A former president at the University of Delaware described President Biden’s donation of Senate papers over a decade ago as an “incredible asset” for students and scholars, but the university still hasn’t released the papers and is staying silent on whether they have been searched for classified documents.
Prior to the university first receiving the papers in 2012, now-former University of Delaware president Patrick Harker said the papers were a “True abundance of materials that will illuminate decades of U.S. policy and diplomacy and the vice president’s critical role in its development.”
“I can’t imagine a collection that would shed more light on this nation’s recent past and the dynamic processes of our democracy,” Harker said during 2011 marks.
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“On behalf of the scholars and students here at the University of Delaware and scholars and students around the world, I want to thank you for your gift of your Senate papers, which will provide those students and those scholars an incredible asset for years to come, for generations to come.”
Biden also spoke highly of his papers at the time, hoping they’d lead to a “deeper understanding of how true and honest compromise can advance the great national goals, and how resolving our differences we reshape the society we live in, and we shape it for the better.”
The university’s then-director of libraries, Susan Brynteson, who retired in 2015, did an interview in 2011 on the papers’ importance and explained their release process, including a non-disclosure agreement and a waiting period of two years until Biden left public office.
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“We expect to receive over 2,500 cartons, about 450 gigabytes of electronic information,” Brynteson said in 2011. “When the papers arrive, it will take at least two years to process them. This will not be immediately available because, according to the agreement with the vice president, they will not be available until two years after he has left public office.”
“The papers are now in storage in the National Archives, and they have to be gone through there, and then they’ll be transported here,” she added. “Then we will begin the process, which we expect to take two years. Then we’ll wait for the time for them to be made available to users. We have a non-disclosure agreement that the library staff can process the papers, but they will not be made available to researchers or students. We’ll begin processing them the day they arrive.”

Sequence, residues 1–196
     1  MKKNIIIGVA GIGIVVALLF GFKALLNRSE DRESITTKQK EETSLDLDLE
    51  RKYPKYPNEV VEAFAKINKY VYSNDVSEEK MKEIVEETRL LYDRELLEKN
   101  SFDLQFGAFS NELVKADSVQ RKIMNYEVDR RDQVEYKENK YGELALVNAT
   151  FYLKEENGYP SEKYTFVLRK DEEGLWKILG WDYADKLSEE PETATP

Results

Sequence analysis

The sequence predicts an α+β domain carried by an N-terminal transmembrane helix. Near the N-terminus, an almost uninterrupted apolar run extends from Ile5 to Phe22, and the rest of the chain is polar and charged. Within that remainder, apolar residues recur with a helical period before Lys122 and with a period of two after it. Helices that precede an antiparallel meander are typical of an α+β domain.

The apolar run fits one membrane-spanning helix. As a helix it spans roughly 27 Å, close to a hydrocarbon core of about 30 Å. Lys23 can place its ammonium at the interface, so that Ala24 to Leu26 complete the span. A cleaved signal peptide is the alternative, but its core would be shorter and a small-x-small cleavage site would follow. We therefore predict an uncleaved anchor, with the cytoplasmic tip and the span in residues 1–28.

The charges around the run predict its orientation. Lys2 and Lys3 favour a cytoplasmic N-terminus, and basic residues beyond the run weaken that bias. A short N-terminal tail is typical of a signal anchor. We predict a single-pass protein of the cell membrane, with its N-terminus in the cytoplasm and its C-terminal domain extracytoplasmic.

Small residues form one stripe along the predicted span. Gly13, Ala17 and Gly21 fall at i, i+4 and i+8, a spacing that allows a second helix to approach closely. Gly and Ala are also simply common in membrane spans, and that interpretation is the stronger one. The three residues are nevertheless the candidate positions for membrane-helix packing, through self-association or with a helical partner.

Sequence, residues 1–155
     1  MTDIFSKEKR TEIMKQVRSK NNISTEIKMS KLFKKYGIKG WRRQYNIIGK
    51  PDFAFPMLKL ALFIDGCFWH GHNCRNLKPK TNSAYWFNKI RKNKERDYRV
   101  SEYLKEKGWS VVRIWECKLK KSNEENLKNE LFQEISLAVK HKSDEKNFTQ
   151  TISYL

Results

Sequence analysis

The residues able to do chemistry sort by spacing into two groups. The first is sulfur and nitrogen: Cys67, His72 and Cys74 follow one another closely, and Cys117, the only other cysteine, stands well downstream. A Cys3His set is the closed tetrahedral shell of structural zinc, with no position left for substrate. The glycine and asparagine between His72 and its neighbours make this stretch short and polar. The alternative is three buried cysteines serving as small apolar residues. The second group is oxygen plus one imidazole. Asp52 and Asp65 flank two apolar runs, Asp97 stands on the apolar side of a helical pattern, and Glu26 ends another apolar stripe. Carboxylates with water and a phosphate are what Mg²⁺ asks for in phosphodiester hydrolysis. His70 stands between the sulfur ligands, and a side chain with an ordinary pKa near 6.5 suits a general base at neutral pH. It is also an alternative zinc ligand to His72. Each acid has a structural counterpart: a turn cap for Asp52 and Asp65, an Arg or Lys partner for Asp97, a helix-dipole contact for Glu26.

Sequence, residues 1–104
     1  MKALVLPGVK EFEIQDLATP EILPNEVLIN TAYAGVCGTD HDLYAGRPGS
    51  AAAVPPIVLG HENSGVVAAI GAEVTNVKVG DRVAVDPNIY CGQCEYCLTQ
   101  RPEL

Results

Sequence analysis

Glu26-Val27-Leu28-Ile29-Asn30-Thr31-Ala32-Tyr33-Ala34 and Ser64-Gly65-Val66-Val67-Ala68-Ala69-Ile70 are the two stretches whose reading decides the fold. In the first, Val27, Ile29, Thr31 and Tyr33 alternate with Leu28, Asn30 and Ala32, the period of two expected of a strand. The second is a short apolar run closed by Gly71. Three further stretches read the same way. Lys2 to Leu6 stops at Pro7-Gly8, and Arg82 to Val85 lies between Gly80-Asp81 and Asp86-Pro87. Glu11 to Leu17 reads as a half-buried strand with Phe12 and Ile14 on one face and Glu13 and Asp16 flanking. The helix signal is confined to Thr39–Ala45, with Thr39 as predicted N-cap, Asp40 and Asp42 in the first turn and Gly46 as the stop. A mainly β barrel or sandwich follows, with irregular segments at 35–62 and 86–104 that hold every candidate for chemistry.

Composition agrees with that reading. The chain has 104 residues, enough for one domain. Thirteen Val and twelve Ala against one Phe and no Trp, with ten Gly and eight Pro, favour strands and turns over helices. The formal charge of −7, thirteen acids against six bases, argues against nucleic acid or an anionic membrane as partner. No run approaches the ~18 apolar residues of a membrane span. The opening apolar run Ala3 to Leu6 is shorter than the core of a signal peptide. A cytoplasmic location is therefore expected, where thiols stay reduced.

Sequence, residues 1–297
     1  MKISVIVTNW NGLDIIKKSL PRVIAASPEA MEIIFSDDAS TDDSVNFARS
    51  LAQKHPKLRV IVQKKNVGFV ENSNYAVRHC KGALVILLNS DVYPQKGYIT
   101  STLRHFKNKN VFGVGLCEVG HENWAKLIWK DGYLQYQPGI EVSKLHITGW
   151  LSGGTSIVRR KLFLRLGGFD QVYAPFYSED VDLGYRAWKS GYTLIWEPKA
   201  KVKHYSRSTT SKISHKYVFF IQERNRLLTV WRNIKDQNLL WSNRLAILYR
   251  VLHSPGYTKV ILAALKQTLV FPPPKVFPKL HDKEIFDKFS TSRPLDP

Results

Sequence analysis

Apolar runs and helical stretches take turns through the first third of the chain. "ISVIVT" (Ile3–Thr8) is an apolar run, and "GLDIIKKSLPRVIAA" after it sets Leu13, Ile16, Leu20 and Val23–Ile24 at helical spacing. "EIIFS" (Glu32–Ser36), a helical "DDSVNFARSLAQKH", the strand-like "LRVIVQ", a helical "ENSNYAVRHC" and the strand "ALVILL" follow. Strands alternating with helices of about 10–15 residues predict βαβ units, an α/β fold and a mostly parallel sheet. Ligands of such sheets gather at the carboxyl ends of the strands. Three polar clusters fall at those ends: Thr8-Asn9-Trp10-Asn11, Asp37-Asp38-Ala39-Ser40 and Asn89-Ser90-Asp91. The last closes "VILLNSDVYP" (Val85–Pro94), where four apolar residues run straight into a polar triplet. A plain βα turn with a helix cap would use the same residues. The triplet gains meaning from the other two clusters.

In another clip of the interview, Brynteson said Biden has “been involved with legislation for many, many years and has had excellent relationships with his colleagues, so we expect it to be a marvelous addition to the material that is available for research of the latter part of the 20th century.”
Fox News Digital reached out to the University of Delaware on Wednesday asking if the papers Biden donated to the school from his Senate career have been combed for classified documents.
The university did not respond to a media inquiry.
Law professor and former White House ethics chief Richard Painter told Fox News Digital Wednesday that the university “should probably review” the president’s Senate papers for classified documents.
“Somebody should be taking a look to make sure there aren’t classified documents sitting over there at the University of Delaware,” Painter said, also noting it was a “very appropriate thing” for the president to donate his Senate papers.
“I do think that all these files ought to be combed through to make sure there aren’t classified documents,” Painter said. “We certainly wouldn’t want classified documents sitting around at the University of Delaware, if there were any.”
Fox News Digital previously reported the office of then-Vice President Biden expressed concerns in 2010 about the University of Delaware’s terms for the “deed of gift” for his Senate papers “due to the political sensitivities” that could arise from releasing the papers to the public.